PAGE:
LIBERTY LEADING THE PEOPLE: ALLEGORY, LITERATURE AND REALITY
Pinarbasi, Simge Ozer
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Liberty Leading the People of French Romantic artist Eugene Delacroix (1798-1863) presents allegory and reality together. It is also related to literature. In this study, the figures in the painting were examined one by one to try to find links with allegory, reality and literature. This painting shows the day of the July Revolution of 1830, when the most violent conflict took place in Paris around the Hotel de Ville. However all the sources referring to this painting indicate that this image is an allegory. The reason for that is the figure of Liberty leading with the flag of France. In this figure, the goddess of Liberty of the 1789 revolution, the powerful female image of Barbieri's poem La Curee and the revolutionary Anne-Charlotte are all together. Although different identities - like the artist himself or Etienne Arago, a writer and politician-, were suggested for the figure with a top hat representing the bourgeois class in the painting, this figure allegorizes working class, not the bourgeois class hiding in fear during the conflicts, as in Barbieri's poem. Also, the figure of the street child in the painting represents the children who have really participated in the 1830 revolution and even became a source of inspiration for literary work. Victor Hugo (1802-1885) immortalized him in the novel of Les Miserables in the name of Gavroche.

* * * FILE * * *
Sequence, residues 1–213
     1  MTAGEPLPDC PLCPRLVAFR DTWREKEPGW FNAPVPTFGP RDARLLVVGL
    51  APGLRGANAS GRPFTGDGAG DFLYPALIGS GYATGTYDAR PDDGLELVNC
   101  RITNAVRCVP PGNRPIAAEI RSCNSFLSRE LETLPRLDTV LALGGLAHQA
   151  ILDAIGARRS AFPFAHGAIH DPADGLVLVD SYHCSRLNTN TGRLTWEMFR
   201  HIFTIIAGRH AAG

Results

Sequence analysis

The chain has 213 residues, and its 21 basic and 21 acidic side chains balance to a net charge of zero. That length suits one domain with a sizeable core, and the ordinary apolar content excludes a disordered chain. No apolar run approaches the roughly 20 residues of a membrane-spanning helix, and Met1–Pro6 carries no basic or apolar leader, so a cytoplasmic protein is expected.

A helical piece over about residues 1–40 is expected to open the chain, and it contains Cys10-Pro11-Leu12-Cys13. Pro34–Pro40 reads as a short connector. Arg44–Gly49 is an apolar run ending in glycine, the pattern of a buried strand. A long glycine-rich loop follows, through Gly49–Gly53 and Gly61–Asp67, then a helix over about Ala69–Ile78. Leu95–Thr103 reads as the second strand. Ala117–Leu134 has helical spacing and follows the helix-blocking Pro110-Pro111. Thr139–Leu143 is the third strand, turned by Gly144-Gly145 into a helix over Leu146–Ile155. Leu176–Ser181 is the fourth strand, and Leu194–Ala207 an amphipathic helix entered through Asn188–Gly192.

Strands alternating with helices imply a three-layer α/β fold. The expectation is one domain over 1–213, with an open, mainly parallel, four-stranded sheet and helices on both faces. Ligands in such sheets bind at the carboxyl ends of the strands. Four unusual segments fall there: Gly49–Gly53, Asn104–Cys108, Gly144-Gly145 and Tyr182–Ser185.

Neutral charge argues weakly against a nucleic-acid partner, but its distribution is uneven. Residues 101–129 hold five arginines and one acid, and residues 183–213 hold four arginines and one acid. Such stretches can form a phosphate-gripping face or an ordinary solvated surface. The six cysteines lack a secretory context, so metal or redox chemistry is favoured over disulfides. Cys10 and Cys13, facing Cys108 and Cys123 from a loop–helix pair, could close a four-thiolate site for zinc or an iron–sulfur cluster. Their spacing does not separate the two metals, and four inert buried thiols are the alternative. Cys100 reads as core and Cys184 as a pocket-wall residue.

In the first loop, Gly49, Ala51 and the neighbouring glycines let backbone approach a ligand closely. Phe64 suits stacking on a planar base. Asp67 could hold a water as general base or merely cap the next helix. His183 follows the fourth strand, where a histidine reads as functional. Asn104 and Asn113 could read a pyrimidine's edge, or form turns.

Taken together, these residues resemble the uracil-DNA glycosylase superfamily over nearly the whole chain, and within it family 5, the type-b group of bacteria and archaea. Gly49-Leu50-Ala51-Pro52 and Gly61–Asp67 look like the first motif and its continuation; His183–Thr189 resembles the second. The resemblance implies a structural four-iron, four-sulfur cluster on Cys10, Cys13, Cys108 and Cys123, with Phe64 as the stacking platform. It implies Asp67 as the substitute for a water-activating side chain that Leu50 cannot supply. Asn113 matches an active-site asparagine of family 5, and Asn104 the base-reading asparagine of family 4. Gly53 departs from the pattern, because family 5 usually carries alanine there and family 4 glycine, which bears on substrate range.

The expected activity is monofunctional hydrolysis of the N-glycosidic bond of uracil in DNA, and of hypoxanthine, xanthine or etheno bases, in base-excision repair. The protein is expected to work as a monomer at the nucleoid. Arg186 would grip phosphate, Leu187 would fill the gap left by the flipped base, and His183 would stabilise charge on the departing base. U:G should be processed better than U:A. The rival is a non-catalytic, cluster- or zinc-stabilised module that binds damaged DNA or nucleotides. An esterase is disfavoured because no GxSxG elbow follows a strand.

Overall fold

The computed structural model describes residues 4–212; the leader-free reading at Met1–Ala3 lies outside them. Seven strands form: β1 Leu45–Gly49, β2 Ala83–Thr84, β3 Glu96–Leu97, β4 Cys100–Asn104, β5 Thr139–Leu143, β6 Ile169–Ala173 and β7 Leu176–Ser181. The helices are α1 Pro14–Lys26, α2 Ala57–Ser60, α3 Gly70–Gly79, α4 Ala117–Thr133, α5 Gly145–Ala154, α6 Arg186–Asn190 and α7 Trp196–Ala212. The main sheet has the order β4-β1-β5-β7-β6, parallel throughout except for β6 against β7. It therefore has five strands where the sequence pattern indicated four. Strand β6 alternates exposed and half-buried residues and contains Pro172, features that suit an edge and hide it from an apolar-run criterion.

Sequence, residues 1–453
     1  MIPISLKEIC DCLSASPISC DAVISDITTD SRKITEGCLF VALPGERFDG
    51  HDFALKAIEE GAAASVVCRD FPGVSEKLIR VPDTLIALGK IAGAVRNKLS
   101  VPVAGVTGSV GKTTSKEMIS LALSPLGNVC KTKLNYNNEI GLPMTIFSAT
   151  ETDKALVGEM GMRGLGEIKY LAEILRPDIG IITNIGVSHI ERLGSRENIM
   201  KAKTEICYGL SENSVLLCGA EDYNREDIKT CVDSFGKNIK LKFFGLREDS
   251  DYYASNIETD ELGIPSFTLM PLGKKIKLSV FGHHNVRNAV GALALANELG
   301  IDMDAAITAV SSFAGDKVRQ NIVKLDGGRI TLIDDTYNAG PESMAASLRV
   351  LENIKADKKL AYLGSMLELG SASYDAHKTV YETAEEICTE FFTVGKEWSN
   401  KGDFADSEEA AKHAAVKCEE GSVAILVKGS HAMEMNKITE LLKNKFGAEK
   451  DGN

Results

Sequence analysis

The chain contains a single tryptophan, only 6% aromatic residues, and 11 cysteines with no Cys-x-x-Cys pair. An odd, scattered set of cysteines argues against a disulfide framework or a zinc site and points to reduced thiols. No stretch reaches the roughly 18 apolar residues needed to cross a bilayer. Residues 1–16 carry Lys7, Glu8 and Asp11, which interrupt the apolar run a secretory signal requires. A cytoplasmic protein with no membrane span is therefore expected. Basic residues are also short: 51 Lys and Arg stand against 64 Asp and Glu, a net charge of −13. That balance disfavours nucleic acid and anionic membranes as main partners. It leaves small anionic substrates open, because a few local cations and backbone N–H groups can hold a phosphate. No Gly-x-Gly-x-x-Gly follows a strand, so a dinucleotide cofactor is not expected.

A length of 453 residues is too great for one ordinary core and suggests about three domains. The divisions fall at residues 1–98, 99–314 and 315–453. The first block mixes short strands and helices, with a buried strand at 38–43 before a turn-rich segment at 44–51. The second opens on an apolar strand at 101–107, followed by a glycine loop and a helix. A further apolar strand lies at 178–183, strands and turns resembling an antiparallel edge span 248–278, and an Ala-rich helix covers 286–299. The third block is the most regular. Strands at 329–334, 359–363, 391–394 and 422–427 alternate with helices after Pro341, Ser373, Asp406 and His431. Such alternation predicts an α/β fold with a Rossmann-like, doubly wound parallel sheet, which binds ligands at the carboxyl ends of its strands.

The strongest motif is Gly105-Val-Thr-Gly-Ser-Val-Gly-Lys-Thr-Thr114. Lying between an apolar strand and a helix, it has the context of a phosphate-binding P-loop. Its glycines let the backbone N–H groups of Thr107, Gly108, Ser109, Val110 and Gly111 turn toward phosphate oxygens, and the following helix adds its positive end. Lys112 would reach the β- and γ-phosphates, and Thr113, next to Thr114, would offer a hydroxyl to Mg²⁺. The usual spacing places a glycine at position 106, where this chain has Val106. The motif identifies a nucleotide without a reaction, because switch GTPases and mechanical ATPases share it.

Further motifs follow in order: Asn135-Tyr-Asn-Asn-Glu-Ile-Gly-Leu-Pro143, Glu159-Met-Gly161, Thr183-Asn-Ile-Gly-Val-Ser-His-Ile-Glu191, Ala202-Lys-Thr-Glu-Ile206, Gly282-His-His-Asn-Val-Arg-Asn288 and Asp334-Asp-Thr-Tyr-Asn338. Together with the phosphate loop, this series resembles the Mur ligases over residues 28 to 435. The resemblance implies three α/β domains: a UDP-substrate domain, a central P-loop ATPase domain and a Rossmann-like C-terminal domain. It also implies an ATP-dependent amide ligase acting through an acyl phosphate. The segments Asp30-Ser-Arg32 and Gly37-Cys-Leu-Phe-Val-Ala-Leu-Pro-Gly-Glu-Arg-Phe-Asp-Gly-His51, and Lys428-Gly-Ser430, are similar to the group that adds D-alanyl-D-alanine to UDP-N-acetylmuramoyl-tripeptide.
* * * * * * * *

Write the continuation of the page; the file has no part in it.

- Makale